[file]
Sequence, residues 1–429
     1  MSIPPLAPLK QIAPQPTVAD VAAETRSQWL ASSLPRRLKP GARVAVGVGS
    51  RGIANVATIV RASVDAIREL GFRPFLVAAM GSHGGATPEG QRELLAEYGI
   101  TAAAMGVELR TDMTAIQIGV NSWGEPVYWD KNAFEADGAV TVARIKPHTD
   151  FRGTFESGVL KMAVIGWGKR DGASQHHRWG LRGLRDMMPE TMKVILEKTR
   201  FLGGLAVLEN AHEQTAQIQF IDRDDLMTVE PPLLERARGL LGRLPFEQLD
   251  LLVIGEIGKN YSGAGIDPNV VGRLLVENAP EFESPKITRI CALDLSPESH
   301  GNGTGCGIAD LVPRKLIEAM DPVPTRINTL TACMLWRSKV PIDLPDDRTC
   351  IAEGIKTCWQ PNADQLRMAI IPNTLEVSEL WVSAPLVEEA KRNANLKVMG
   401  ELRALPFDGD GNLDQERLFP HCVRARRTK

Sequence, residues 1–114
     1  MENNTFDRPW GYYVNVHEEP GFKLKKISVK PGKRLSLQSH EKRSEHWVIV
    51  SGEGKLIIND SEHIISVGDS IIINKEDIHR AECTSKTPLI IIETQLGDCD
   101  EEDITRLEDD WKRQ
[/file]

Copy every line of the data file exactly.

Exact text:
Sequence, residues 1–429
     1  MSIPPLAPLK QIAPQPTVAD VAAETRSQWL ASSLPRRLKP GARVAVGVGS
    51  RGIANVATIV RASVDAIREL GFRPFLVAAM GSHGGATPEG QRELLAEYGI
   101  TAAAMGVELR TDMTAIQIGV NSWGEPVYWD KNAFEADGAV TVARIKPHTD
   151  FRGTFESGVL KMAVIGWGKR DGASQHHRWG LRGLRDMMPE TMKVILEKTR
   201  FLGGLAVLEN AHEQTAQIQF IDRDDLMTVE PPLLERARGL LGRLPFEQLD
   251  LLVIGEIGKN YSGAGIDPNV VGRLLVENAP EFESPKITRI CALDLSPESH
   301  GNGTGCGIAD LVPRKLIEAM DPVPTRINTL TACMLWRSKV PIDLPDDRTC
   351  IAEGIKTCWQ PNADQLRMAI IPNTLEVSEL WVSAPLVEEA KRNANLKVMG
   401  ELRALPFDGD GNLDQERLFP HCVRARRTK

Sequence, residues 1–114
     1  MENNTFDRPW GYYVNVHEEP GFKLKKISVK PGKRLSLQSH EKRSEHWVIV
    51  SGEGKLIIND SEHIISVGDS IIINKEDIHR AECTSKTPLI IIETQLGDCD
   101  EEDITRLEDD WKRQ